CHOCOLATE: Food of the Gods

Harvest and Fermentation

Photograph of woman harvesting cacao pods from "The Book of Chocolate," by Nathalie Bailleux and Jeanne Bourin. Paris: Flammarion.

In an era of mechanical harvesting, cacao is harvested as it has been for centuries—by hand. The trees and omnipresent blossom clusters are extremely fragile and easily injured. They produce ripe pods year round, generally with two concentrated periods that depend upon the timing of the rainy season. After locating a ripe pod, a worker will either pluck it by hand or remove it with a sharp knife at the end of a pole.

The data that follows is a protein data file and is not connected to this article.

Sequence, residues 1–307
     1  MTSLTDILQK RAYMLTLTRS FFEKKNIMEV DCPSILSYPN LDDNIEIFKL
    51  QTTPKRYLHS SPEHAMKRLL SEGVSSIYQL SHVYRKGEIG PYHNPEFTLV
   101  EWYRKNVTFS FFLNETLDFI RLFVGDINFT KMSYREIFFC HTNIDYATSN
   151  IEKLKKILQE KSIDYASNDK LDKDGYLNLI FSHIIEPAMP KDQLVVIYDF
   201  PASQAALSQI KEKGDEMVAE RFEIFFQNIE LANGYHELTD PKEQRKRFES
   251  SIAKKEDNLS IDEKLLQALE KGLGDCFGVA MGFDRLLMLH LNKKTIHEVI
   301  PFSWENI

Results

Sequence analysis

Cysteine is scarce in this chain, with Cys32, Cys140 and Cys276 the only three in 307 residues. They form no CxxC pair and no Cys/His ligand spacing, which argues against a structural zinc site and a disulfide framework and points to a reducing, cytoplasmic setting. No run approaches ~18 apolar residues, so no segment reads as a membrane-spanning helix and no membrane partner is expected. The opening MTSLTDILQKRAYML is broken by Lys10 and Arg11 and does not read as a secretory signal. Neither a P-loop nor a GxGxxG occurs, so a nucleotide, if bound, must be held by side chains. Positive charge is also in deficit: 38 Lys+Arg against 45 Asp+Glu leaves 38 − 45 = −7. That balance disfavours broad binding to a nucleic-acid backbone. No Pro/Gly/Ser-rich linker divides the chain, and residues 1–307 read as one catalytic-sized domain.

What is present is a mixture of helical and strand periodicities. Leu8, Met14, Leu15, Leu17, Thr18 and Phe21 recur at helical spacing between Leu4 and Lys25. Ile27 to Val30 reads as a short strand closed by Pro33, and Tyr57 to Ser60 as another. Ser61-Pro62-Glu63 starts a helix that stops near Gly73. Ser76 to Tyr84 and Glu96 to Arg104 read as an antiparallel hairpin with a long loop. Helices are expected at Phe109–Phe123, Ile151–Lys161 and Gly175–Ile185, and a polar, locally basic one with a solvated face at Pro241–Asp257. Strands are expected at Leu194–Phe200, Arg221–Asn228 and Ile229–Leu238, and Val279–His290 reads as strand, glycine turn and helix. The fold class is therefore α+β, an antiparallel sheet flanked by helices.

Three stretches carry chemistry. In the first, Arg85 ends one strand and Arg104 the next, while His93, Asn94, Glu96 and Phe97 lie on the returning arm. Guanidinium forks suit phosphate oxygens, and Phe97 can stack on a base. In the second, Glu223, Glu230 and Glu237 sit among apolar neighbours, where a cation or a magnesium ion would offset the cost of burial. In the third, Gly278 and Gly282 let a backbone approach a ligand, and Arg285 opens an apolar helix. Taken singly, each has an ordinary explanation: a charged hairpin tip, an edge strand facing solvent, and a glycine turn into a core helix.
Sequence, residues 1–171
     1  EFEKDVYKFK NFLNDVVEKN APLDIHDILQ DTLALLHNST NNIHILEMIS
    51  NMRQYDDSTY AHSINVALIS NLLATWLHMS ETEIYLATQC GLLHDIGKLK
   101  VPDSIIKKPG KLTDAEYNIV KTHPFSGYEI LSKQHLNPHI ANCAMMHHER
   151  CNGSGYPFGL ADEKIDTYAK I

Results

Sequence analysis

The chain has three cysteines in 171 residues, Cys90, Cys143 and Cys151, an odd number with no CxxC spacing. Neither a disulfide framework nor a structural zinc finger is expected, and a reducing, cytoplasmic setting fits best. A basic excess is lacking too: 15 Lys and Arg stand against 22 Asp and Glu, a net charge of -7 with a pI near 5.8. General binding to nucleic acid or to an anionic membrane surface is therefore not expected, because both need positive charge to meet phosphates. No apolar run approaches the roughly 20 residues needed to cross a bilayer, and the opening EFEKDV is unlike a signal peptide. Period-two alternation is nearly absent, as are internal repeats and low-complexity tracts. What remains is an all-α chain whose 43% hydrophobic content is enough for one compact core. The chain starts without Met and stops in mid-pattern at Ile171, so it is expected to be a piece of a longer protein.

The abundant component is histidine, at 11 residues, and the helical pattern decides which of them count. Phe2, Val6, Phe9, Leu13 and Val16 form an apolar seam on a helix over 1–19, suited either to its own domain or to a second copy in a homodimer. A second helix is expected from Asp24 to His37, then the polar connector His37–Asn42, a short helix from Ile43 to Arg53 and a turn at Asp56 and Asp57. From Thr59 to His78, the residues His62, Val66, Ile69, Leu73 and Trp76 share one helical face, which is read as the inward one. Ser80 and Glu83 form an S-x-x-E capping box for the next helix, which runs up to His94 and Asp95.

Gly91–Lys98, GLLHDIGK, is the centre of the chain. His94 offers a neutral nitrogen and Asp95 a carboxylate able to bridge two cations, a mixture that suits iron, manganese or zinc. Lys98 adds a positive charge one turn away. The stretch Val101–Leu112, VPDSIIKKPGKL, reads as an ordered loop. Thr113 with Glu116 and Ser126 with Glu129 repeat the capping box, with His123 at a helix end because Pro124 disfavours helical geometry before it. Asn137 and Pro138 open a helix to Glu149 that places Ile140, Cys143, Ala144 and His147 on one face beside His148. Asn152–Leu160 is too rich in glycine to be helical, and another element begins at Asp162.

Photograph of man fermenting cacao beans under banana leaves from "The Book of Chocolate," by Nathalie Bailleux and Jeanne Bourin. Paris: Flammarion, 1996)

The harvested pods are taken to a processing location close to the trees. Each fruit is opened, usually with a machete so that the pulp and seeds can be removed. The seeds are surrounded by a fibrous whitish pulp that must be fermented off before they can be roasted and processed.